Muhammed ABDULLAH, as an individual and on behalf of all others similarly situated, Plaintiff–Appellee, v. U.S. SECURITY ASSOCIATES, INC., a corporation, Defendant–Appellant.
The district court certified a class of former and current employees of U.S. Security Associates, Inc. (“USSA”), who allege that USSA committed numerous violations of California labor law. USSA filed a petition to appeal the district court's certification order, which we granted. See Fed.R.Civ.P. 23(f). On appeal, USSA argues that the court erred in certifying the meal break sub-class, because the plaintiffs failed to establish “questions of law or fact common to the class” that “predominate” over questions affecting only individual members. Fed.R.Civ.P. 23(a)(2), (b)(3). We hold that the district court did not abuse its discretion by certifying the meal break sub-class. Accordingly, we affirm.
Plaintiff Muhammed Abdullah is a former employee of USSA, a private security guard company.1 USSA provides guards at over 700 locations in California, including hotels, hospitals, warehouses, and construction sites, among other locations. In addition to standing guard at such locations, USSA's employees may perform a range of other duties, such as inspecting vehicles, patrolling properties, reacting to patient emergencies, clearing off railroad tracks, and recording damage to vehicles, among many other tasks. A large majority of USSA's employees in California work at “single post” locations, meaning that no other guards are on duty at the same time.2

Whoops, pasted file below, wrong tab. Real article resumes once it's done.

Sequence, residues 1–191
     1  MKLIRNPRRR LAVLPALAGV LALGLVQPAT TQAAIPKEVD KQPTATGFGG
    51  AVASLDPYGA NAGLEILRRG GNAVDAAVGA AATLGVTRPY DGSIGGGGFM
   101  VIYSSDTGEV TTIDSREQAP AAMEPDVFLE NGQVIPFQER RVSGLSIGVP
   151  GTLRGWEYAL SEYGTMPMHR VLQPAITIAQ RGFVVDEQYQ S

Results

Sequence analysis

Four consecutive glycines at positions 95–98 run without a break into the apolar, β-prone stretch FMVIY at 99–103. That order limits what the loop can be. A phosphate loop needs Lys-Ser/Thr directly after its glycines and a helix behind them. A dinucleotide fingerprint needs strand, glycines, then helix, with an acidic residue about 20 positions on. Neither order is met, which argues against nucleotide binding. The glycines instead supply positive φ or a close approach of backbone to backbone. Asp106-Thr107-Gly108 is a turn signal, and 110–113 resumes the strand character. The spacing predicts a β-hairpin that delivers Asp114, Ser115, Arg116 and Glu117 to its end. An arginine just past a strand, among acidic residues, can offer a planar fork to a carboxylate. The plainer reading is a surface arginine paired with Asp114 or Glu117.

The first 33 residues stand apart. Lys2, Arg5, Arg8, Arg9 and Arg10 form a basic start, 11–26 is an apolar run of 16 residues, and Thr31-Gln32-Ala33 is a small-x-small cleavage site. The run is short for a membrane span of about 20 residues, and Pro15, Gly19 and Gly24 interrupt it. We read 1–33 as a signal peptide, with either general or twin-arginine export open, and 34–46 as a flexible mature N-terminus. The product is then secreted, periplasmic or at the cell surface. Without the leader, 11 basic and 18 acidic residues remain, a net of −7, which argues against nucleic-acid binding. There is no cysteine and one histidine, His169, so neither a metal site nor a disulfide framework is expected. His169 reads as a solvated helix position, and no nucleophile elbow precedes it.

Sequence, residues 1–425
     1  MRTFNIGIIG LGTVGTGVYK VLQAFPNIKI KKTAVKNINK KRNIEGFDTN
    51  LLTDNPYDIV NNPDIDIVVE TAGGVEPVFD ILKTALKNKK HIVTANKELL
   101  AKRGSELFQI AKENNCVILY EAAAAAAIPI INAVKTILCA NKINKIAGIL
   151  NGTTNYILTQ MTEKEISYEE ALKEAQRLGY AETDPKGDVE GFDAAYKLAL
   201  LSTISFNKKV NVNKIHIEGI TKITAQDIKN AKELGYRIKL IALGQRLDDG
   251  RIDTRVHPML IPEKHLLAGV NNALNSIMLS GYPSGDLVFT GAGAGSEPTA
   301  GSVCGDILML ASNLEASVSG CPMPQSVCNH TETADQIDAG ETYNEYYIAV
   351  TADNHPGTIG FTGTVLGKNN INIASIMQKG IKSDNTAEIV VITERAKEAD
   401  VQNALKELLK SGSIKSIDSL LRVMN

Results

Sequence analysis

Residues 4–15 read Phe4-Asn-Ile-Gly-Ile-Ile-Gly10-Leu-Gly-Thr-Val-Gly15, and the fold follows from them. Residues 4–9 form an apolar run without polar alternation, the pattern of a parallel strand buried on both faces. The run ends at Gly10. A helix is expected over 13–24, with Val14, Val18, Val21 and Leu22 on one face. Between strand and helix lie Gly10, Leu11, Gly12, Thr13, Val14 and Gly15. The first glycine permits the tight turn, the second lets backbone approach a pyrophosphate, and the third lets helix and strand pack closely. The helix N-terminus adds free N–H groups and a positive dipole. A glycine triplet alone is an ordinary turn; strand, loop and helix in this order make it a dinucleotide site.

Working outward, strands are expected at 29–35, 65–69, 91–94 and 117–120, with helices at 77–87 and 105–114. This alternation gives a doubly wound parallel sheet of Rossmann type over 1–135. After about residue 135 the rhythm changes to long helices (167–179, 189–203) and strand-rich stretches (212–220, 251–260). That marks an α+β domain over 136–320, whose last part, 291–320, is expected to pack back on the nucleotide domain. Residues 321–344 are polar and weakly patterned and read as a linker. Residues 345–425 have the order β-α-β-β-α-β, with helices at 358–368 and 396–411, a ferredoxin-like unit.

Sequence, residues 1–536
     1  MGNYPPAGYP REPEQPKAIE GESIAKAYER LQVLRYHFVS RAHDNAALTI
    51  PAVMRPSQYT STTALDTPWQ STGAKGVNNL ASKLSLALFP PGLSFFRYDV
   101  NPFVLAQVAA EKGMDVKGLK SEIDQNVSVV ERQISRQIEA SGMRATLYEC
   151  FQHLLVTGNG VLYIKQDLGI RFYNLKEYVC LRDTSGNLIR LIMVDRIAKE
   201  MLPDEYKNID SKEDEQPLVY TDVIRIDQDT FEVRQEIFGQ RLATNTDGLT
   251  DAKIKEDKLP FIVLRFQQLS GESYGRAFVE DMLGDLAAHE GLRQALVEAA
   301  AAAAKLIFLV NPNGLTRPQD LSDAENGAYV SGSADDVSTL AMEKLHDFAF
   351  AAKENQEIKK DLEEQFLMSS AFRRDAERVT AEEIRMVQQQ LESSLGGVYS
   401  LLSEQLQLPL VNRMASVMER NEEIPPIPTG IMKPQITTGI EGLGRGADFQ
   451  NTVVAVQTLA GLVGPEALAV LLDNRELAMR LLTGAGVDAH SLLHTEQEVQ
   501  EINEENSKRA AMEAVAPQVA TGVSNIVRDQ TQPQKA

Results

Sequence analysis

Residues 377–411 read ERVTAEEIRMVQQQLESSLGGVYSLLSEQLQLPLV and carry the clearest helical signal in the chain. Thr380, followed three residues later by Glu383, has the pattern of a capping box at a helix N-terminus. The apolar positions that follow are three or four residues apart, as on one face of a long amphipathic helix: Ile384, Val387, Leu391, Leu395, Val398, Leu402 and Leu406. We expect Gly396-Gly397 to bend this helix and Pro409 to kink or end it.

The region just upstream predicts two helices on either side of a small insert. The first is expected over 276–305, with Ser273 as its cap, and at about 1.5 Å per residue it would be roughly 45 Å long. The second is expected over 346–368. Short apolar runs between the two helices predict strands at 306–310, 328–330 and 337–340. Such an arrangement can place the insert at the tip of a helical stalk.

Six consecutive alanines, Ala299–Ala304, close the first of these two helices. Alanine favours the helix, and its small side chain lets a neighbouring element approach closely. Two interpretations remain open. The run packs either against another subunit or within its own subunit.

As a condition of employment, all of USSA's employees are required to sign “on-duty meal period agreements.” The record contains two versions of such agreements. The first, which was used prior to 2007, provides:
Due to the nature of the work I perform as a Security Guard, and due to the nature of the services provided by U.S. Security Associates, Inc., I understand that my work prevents me from being relieved of all duty during my meal period. I am voluntarily agreeing to have my daily meal period “on duty.” I understand that I will be paid at my regular rate of pay for my on duty meal period. I understand that, if I elect to revoke this agreement, I may do so at any time, provided my revocation is in writing.
The second, which USSA has used since mid–2007, provides:
Due to the nature of the work I perform as a Security Guard, and due to the nature of the services provided by U.S. Security Associates, Inc., I understand that I may be prevented from being relieved of duty during my meal period. On this basis, I voluntarily agree to have an “on-duty” meal period that shall be counted as time worked and compensated by U.S. Security Associates, Inc.
After five (5) hours worked, the following waiver becomes relevant:
Pursuant to paragraph 13 of Wage Order No. 4–2001 of the California Industrial Welfare Commission, Employee and Employer, as evidenced by their respective signatures below, hereby mutually agree to waive the right to an off-duty meal period for any hours worked in excess of five (5) total hours in a workday.